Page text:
Reasons Behind My Project
The city I live in, Oakland California, has many large open spaces, including Joaquin Miller Park. This park has trails that wind through redwoods, oak forests, and meadows. However, I’ve noticed that the area is underutilised by Oakland residents. And like many urban areas, Oakland’s open spaces are used disproportionately by socioeconomically advantaged groups (Shanahana). The park is situated near wealthier neighborhoods, with poor accessibility to transportation and information. Time in nature is an important part of mental health and wellbeing, so I think that it’s important that every Oakland resident has access to this space (Shanahana). I decided to design a nature center that could promote the park and provide information, giving better access to all Oaklanders.
My Design Process
I began by considering the building’s purpose, users, and needs. I thought about how I needed to create a building that would attract people of all age groups, interests, and level of knowledge about the park. I also realized that in order to attract people to the building, I would need to create something aesthetically pleasing and welcome-feeling. The building would need to be functional as well as attractive.
I then researched several different nature centers and similar structures all around the globe. I was particularly inspired by the Battelle Darby Creek Metro Park Nature Center by DesignGroup in Galloway, Ohio. It had a large museum-like room to educate visitors, and a panoramic window that focused the visitor’s attention on the nature around them. You can see this building here: https://www.archdaily.com/541409/battelle-darby-creek-metro-park-nature-center-designgroup?ad_source=search&ad_medium=search_result_all.
There is a current nature center in Joaquin Miller Park, but it is a small, run-down building that’s almost never open. However, the building is located next to a major road with direct access to the park and great views of the Bay Area. I visited the location and decided that it would be the best place to put the new center.
I then began sketching ideas for the building. I looked at the project from different angles and used feedback from friends and peers to improve the design.
Finally, I used SketchUp, an online architecture software, to create 3D models of the designs.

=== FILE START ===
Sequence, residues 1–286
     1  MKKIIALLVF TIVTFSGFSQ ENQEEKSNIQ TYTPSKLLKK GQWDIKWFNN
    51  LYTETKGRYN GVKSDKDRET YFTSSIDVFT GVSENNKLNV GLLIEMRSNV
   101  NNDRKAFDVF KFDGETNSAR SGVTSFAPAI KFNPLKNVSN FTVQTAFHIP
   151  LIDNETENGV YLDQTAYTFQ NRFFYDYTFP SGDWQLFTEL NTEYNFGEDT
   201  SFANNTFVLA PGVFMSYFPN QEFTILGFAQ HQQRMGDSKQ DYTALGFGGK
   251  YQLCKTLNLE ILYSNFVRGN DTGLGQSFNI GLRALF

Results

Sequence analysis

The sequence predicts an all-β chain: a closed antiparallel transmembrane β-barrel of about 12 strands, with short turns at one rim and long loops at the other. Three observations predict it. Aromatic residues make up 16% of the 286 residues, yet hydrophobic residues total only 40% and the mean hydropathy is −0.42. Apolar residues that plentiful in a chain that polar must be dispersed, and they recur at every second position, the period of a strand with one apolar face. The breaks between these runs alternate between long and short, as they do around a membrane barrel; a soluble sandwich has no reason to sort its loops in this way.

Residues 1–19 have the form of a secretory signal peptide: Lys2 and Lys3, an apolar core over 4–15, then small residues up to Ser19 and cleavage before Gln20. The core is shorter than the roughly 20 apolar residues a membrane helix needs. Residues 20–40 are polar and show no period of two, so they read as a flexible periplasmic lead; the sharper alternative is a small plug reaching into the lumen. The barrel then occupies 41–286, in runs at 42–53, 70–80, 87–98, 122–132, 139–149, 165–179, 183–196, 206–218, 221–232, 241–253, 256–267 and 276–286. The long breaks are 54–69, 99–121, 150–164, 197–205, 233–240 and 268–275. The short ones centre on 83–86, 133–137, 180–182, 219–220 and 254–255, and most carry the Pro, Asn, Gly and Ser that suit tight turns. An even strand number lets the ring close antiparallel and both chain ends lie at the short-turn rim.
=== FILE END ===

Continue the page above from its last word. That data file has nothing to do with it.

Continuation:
I focused particularly on the entry room, because it most directly related to the building’s goal of accessibility to information .
I explain my design decisions in greater detail in this video: https://drive.google.com/file/d/1rfDJyREeMDqmQ1lbglc82NGXy1p9B4pB/view?usp=sharing
Or you can see my full project in this doc: https://docs.google.com/document/d/1F-7Ab5_yfDa-W_GykExLYI3o3-6LCv25f8CrMNEExwo/edit?usp=sharing
For Now: Takeaways
Spending time in nature is an important part of mental health (“How Nature Benefits Mental Health”). It is also a great way to get exercise, understand the importance of conservation, and learn about a place’s history. A nature center could help connect this incredible resource to many Oakland residents, especially those who are socioeconomically disadvantaged and often lack access to and information about the parks. The center could be a hub for school field trips, family outings, or visits with friends, providing all Oaklanders with necessary time in nature. While simply a nature center could not solve many of the city’s inequalities, I hope that it could help decrease access to nature based disparities between different groups of Oakland residents.
Thank you for reading!
“How Nature Benefits Mental Health.” Mind.org, 2018, www.mind.org.uk/information-support/tips-for-everyday-living/nature-and-mental-health/how-nature-benefits-mental-health/.
Shanahana, D.F., et al. “Socio-Economic Inequalities in Access to Nature on Public and Private Lands: A Case Study from Brisbane, Australia.” Fuller Lab, 2014, www.fullerlab.org/wp-content/uploads/2014/08/Shanahan-et-al-2014.pdf.